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2:15   7:15

Thursday, March 30

(1963, Lindsay Anderson) After rugbyer Richard Harris gets his teeth rearranged by a sucker punch, the anesthetic kicks in and the flashbacks unreel, detailing his tormentedly inarticulate attempts to connect with repressed, widowed landlady-with-kids Rachel Roberts. Anderson’s debut feature garnered Oscar nominations for both leads, with Harris taking Best Actor at Cannes. DCP. Approx. 134 mins.


“Probably Lindsay Anderson’s best film – certainly Richard Harris’s. He gives a performance to equal Brando’s in A Streetcar Named Desire… The movie takes its muddy boot to class, sex, celebrity, the north, the south and the humbug shamateurism of English sport (‘I only enjoy it if I get paid a lot for it!’) This Sporting Life shrewdly anticipates modern Britain: a dour, yet thrilling and exhilarating film.”
– Peter Bradshaw, The Guardian

“The most passionate film that has ever emerged from a British studio.”
– Elizabeth Sussex

“A quintessential entrant in Britain’s kitchen-sink realism of the late-‘50s and ‘60s, by one of the era’s finest directors, produced by Karel Reisz (who directed one of the cornerstones of the genre, Saturday Night and Sunday Morning), and packed to stadium capacity with all the tenets of that artistic movement: a lower-class North England setting, crowded houses, domestic violence, sport and jazz used as symbols of the ragged life, abrasively nonlinear narratives that feature angry but consistently talented young men who are haunted by a cycle of bad memories and seemingly cold, unattainable women…a hallmark of what is still one of cinema’s most endearing movements.”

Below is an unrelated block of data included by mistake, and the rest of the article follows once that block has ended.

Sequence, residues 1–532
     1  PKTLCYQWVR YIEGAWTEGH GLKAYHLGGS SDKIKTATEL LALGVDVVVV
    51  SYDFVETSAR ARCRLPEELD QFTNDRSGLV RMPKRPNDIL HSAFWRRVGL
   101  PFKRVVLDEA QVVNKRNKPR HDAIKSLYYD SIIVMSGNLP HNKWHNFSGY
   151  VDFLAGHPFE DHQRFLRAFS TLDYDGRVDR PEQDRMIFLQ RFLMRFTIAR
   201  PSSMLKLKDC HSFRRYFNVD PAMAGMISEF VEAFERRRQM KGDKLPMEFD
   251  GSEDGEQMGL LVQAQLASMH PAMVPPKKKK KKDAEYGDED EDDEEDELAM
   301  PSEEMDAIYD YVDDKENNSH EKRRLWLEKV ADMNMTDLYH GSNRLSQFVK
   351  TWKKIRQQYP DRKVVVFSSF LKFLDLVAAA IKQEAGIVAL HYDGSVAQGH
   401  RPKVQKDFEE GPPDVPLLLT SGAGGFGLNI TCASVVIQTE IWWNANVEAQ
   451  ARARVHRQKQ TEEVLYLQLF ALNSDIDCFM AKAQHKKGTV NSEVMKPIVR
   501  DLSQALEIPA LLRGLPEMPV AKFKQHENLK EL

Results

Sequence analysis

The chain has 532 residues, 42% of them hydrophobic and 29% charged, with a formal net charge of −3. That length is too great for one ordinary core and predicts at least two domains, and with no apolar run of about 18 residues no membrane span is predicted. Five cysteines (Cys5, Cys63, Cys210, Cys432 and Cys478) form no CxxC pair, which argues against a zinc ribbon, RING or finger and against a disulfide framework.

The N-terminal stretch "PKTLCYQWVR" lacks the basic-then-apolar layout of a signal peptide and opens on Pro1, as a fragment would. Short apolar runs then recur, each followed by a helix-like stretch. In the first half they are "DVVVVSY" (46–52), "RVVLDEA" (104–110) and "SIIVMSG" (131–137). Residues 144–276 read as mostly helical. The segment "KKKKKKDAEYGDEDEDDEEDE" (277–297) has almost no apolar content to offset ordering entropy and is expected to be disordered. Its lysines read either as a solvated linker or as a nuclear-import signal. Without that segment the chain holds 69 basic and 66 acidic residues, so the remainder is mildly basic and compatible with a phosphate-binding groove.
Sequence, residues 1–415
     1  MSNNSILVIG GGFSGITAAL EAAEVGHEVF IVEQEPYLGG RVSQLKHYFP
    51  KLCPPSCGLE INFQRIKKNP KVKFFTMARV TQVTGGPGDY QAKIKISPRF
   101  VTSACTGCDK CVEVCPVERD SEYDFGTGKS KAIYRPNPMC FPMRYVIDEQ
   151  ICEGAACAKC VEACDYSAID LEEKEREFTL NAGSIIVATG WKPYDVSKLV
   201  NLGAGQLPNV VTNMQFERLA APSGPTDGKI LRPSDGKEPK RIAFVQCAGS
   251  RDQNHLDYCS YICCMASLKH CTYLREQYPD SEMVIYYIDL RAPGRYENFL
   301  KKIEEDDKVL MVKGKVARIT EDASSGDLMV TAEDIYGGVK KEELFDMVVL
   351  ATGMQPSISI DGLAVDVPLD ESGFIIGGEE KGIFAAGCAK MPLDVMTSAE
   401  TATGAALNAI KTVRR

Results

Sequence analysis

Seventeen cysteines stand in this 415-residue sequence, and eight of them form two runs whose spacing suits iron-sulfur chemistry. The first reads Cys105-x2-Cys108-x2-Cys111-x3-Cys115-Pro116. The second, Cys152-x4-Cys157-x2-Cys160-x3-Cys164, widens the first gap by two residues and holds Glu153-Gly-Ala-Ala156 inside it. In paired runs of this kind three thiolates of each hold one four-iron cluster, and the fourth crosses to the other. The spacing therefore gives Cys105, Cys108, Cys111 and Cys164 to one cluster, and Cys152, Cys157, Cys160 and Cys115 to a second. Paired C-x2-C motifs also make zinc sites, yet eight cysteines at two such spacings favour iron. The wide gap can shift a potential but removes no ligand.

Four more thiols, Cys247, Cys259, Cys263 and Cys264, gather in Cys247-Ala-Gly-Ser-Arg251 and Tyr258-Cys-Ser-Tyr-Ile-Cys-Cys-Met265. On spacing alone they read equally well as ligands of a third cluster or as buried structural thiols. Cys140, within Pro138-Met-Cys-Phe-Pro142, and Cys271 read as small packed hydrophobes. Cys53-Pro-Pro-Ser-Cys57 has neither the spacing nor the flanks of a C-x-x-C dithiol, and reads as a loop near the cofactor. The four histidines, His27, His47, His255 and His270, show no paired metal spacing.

– Slant

“Probably the best crafted of the British ‘kitchen sink.’”
– Dave Kehr, Chicago Reader

“An important addition to the canon due to its employment of nimble, jazzy editing, a non-linear structure and an ambient, avant-garde score.”
Time Out (London)